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How to match the correct pump to your application

Pump designs fall mainly into two categories, centrifugal and reciprocating (piston) type, each with its own benefits and constraints. Mike Sherman, Marketing Manager at RMI Pressure Systems, looks at the design criteria and some of the applications.

Matching the correct pump to the application

The key to matching the correct design of pump to an application is firstly having all the necessary information relating to the application and the fluids involved.

Which applications for Centrifugal Pumps?

The centrifugal pump is the most common design in the world, using a simple principle to produce a robust, effective and relatively inexpensive pump. Using an impeller, located in a volute, the fluid is pressurised by transferring the mechanical energy of the motor to the impeller and increasing the velocity of the fluid and consequently the pressure increases.

However, centrifugal pumps are typically used for applications where a lower system pressure is required and therefore would not normally be considered suitable for high pressure applications.

Pumps for high pressure applications

High pressure reciprocating pumps

A reciprocating pump discharges liquid by changing the internal volume of the pump and uses non-return valves (NRVs) at both the inlet and outlet ports of the pump.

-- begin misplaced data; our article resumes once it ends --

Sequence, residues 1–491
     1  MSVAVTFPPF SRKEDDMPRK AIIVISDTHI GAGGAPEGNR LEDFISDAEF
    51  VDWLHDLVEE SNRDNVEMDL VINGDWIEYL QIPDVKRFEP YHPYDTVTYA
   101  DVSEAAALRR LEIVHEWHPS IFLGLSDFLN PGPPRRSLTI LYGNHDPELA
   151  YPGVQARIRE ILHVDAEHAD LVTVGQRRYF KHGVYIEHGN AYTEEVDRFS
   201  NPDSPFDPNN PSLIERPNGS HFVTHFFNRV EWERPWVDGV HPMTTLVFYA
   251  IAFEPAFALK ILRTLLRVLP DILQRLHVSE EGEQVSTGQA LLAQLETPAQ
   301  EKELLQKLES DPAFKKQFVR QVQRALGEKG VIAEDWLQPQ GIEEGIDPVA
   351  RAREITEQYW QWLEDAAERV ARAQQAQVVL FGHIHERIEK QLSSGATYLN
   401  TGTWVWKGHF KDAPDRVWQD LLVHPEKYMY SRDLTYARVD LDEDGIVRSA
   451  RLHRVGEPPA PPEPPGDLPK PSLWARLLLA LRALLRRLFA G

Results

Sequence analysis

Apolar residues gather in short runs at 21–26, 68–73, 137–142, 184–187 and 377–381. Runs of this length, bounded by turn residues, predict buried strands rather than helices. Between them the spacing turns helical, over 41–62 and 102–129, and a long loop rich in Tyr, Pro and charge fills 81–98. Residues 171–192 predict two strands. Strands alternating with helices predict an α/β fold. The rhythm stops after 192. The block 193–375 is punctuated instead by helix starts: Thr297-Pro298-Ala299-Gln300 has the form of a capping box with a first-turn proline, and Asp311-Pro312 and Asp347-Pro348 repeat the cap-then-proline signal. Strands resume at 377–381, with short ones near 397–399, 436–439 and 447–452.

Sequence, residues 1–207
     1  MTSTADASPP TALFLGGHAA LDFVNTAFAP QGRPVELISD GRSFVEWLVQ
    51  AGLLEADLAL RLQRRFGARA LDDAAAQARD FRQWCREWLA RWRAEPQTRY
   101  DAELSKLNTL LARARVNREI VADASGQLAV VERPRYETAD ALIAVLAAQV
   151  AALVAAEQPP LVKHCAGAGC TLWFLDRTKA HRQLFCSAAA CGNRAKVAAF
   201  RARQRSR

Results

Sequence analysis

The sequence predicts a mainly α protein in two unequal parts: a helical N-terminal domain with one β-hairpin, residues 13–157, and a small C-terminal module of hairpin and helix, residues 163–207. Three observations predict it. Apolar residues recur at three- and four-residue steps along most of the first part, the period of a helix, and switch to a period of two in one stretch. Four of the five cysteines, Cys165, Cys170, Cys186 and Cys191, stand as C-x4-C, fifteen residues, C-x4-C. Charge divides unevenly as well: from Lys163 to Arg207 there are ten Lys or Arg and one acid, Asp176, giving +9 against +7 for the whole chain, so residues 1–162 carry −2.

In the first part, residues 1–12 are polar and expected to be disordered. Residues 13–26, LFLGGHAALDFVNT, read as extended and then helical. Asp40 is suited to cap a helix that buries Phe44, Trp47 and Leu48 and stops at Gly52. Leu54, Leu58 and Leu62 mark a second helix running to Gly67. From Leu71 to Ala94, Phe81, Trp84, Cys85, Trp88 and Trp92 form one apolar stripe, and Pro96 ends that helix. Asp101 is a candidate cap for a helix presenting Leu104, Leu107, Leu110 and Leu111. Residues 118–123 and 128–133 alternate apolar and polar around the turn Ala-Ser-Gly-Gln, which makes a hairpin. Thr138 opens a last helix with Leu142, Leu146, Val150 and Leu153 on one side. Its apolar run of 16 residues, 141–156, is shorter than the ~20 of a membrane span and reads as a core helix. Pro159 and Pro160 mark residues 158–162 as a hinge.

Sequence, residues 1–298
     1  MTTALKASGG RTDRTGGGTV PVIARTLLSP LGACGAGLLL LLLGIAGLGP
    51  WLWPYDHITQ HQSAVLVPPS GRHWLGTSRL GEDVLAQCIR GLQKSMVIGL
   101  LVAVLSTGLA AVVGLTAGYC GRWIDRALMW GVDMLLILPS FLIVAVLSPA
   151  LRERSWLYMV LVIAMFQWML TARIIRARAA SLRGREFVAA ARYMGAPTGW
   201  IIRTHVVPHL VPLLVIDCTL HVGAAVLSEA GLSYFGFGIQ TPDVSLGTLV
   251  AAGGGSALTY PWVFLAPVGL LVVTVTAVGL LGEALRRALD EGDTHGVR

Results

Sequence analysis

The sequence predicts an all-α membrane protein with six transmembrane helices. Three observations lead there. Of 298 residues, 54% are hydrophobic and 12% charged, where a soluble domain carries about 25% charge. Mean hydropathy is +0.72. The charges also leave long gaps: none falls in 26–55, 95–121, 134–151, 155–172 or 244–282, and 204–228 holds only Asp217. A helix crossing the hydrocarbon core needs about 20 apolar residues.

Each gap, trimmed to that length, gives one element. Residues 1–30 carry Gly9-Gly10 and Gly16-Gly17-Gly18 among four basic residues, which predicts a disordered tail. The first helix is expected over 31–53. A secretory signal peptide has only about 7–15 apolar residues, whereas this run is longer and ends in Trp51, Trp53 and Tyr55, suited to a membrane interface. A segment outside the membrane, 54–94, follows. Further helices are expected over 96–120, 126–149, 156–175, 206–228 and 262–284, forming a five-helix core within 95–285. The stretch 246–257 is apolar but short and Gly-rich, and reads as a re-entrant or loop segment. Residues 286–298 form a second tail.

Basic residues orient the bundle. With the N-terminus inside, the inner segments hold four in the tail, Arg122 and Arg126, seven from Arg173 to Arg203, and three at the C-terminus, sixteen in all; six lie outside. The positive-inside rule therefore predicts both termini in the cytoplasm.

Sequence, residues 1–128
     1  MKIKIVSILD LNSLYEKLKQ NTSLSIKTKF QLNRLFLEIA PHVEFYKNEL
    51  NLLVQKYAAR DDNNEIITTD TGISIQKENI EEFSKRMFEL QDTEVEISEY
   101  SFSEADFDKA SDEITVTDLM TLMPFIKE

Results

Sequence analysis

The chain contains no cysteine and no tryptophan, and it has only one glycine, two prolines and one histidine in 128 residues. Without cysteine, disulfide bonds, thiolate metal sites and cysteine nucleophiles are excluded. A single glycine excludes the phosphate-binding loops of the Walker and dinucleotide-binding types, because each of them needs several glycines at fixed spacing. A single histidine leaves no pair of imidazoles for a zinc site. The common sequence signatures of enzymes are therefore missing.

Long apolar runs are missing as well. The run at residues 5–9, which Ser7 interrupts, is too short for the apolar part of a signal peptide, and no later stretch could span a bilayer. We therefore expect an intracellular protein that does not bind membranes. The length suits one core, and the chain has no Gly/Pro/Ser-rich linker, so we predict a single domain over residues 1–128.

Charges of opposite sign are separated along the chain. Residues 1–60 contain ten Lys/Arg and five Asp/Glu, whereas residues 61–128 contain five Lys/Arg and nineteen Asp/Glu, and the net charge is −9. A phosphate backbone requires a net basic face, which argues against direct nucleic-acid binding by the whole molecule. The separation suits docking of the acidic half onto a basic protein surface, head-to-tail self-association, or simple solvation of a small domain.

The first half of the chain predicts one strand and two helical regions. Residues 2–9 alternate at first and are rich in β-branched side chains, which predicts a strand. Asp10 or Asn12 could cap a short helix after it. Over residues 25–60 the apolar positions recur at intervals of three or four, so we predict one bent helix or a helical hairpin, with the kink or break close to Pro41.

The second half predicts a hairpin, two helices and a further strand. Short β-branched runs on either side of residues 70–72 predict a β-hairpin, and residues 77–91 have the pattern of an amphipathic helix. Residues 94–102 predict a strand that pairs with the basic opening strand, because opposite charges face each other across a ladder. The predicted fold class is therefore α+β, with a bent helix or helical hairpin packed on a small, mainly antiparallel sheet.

Typically these pumps can produce 1000 bar in pressure, however, specialist, ultra high pressure pumps, capable of more than 7,000 bar are available.

The benefits of the reciprocating pump is that it produces a fixed volume of fluid displacement at a given speed and provides a constant flow, regardless of pressure. This means that variable capacity can be achieved by changing the pump speed. In contrast, the centrifugal pump would be forced up and down the performance curve, varying the flow which may cause problems for the application.

Due to the fundamental design of the reciprocating pump, it is more often controlled by a variable speed controller which allows accurate control of the output pressure.

For applications requiring increased flow rates, one or more pumps can be added in parallel to the original to produce the desired flow rate at the same pressure rating.

Why is pump design important?

One crucial aspect of pump design is the associated piping and connections, which can cause serious problems if the system has been poorly designed. Cavitation is one of the more common issues that arise when pressurising fluids and this can cause severe pressure spikes that cause damage to internal pump components. Additional issues include vibration and noise, which can also impact the working environment if the pump design has not been fully tested and commissioned correctly.

As a leading high pressure pump specialist, RMI Pressure Systems understands the many and varies demands of high pressure pumping applications. With over 100 years experience in producing premium quality, high pressure pumps for a wide range of industrial applications - including mining, steel production and oil & gas - RMI regularly delivers bespoke pumping solutions into demanding working environments.

Watch this pump overview video to really understand the quality and experience of RMI’s pump design.

Company Profile

RMI Pressure Systems

For more than a century, RMI has been producing premium-quality high-pressure pumps for global mining and industrial applications.

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